It was time for Telyn's history lesson, but she wasn't interested in studying today. She plopped her chin into her hands and sighed gustily, fluttering the leaves of The Book of Three.

Dewin raised his bushy eyebrows. "Is something the problem, Princess?" he asked mildly.

The little princess raised troubled blue eyes to her tutor. "Dewin, I just can't read any more of this today!" she declared.

"And why not?" He smiled slightly. "Are your brothers planning some mischief you want to join?"

Telyn shook her head, sending her unbound hair cascading down her back in a red-gold stream. "No, it's just … Dewin, it isn't fair! Why did all the magic have to leave Prydain with the Sons of Don?"

"It is how it was ordained to be," the old man, both court bard and royal tutor, answered promptly. "Prydain is now a man's land (or perhaps, more precisely, I should say human), and it is for humans to decide their own destiny, without any magic."

Telyn brushed his solemn explanation away with one dramatic sweep of her hand. "I've heard all that before," she reminded him. "I still don't think it's fair! Mother and Father got to see such exciting things—enchanted rings, Fair Folk, Dyrnwyn before its flame was quenched—why did we have to lose all magic? Surely just a little—here or there—wouldn't have hurt anyone? I'd give anything to see something magical." Here she sighed again.

Dewin's keen eyes twinkled. "As it happens, Princess," his hushed tones and serious face a contrast to his merry eyes, had the princess chosen to notice, "I am in possession of one of the last magical items left in all Prydain."

Telyn's delicate face brightened immeasurably. "Really? May I see it?"

"More—I will let you borrow it."

Telyn clasped her hands together in ecstatic delight. "Oh Dewin, you are good."

Dewin turned from her and rummaged in his chest for a moment. Telyn watched in amazement as scrolls, vellums, slippers, fur-lined robes, and half-eaten stale loaves of bread flew every which way. Finally, Dewin came up for air, his face flushed from stooping.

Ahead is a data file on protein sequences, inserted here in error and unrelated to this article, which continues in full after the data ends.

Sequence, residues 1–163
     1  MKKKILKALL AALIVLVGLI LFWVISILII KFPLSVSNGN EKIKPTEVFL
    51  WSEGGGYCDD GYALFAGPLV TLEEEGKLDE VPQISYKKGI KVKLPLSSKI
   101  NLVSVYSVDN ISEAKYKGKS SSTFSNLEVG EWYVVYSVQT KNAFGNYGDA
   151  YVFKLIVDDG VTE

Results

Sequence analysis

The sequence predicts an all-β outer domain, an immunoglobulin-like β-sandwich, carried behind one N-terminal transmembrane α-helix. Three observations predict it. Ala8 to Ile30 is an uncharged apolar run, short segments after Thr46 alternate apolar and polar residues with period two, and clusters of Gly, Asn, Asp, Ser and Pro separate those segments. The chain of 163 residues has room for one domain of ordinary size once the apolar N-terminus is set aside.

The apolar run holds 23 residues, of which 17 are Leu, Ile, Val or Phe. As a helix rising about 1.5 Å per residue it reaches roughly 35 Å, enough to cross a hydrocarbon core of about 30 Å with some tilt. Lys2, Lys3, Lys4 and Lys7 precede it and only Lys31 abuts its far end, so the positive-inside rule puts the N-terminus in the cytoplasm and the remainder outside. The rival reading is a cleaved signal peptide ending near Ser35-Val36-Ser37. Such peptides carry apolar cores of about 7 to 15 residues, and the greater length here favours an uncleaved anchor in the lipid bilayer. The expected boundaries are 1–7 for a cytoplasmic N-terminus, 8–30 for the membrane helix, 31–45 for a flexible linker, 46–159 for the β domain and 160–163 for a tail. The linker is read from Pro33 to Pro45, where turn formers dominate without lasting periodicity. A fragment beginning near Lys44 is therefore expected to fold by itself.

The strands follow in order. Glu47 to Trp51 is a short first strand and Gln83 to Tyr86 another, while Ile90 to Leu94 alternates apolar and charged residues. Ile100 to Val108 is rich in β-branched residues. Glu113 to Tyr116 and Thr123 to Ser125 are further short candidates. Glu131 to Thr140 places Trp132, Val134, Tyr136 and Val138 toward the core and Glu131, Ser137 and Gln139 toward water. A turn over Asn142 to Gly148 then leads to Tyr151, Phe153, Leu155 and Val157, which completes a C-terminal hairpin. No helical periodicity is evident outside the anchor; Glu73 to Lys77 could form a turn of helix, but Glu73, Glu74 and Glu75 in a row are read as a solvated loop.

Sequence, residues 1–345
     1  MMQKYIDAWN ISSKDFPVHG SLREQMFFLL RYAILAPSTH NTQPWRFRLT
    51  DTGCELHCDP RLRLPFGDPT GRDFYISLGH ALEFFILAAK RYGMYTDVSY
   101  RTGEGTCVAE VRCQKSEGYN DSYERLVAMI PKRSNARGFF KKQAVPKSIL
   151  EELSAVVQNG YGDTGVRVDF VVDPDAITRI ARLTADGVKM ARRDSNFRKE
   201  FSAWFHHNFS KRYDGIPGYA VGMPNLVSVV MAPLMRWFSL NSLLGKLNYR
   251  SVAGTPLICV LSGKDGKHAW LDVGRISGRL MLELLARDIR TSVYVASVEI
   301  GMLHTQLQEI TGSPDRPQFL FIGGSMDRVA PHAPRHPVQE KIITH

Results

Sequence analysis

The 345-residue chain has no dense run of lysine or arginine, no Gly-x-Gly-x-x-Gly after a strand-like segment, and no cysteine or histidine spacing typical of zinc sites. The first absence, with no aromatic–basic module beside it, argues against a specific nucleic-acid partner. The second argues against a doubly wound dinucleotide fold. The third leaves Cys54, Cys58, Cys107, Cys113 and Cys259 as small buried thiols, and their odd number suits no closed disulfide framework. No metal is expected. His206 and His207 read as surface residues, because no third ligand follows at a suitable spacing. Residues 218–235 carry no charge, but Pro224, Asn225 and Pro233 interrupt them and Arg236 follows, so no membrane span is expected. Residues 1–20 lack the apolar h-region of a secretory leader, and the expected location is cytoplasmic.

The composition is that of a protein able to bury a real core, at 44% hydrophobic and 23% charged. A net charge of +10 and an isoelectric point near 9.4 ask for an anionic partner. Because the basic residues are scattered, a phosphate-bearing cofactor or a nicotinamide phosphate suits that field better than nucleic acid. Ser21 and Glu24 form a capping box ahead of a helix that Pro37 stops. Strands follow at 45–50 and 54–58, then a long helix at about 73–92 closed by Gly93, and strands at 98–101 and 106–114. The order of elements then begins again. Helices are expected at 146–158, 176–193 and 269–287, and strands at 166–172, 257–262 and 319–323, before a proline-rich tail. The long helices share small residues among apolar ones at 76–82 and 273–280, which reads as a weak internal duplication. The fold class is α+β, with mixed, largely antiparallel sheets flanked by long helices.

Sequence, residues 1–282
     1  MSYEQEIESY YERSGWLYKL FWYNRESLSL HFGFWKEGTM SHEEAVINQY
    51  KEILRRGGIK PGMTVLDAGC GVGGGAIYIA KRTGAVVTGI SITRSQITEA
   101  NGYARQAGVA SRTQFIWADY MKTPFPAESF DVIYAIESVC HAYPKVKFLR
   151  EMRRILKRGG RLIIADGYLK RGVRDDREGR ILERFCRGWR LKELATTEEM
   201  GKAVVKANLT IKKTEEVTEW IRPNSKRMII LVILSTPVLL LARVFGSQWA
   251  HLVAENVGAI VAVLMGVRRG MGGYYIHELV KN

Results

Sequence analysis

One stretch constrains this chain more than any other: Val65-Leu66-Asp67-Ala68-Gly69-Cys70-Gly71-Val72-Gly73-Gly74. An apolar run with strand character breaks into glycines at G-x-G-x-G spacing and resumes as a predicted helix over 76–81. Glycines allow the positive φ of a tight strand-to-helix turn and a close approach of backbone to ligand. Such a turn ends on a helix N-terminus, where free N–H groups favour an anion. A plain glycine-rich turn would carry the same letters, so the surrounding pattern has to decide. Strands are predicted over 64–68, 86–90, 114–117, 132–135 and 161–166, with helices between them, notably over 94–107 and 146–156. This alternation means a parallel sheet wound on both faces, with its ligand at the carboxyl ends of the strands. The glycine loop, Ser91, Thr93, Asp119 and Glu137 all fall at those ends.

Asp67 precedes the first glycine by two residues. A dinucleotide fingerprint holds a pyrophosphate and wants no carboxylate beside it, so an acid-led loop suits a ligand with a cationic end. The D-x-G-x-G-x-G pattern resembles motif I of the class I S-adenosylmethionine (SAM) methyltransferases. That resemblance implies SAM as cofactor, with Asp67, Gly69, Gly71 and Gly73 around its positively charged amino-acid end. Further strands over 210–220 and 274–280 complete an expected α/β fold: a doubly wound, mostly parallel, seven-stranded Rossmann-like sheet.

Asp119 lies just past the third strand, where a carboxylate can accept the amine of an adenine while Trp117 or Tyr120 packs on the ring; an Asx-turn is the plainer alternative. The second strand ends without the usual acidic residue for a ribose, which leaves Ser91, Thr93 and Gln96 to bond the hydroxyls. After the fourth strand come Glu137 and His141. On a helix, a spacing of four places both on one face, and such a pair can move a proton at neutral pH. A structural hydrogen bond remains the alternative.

"Here," he said, laying the small item down on the table before her.

Telyn bit her lip in disappointment. "Spectacles?" she said, gazing at the round lenses and silver rims. They did not look very prepossessing.

Dewin looked aghast. "Just spectacles, you say? Great Belin, Princess! These bear the most powerful magic left in Prydain! Never dismiss something simply because it looks uninteresting." He leaned over and tapped her nose. "It is what is inside that counts, not outside."

Telyn looked at the battered spectacles with more respect. "What do they do?"

Dewin glanced around mysteriously before answering. "They show you things. Magical things. Things you can't see with just your eyes."

Telyn's own eyes rounded into deep pools of blue. "Ooh," she breathed. "May I try them now?"

Dewin nodded, his long beard brushing his belt. "Let me help you."

The princess held her hair away from her face as Dewin hooked the spectacles over her ears and settled them on her nose. He bit his lip to keep from smiling at the comical figure she now cut, for the spectacles were far too big for her pointed face, and they enlarged her eyes until she resembled a wise old owl.

"I don't see anything different," Telyn pronounced in disappointment.

"Just wait," Dewin told her. "Keep looking, and soon you will see." He helped her to her feet and ushered her toward the door. "And now, Princess, run along outside. History can wait until tomorrow."

He watched her dash off, tripping, as usual, over her long gown, her head turning back and forth as she sought for the magic of the spectacles.

"Bless her heart," the bard said fondly.


Author's Note: I have always hesitated about attempting an "after the Chronicles" story, but this plot bunny hit me, and I decided to go with it. This will likely be about two or three chapters, nothing major, but I'm already vaguely thinking about other stories along these lines--we'll have to see how this one goes!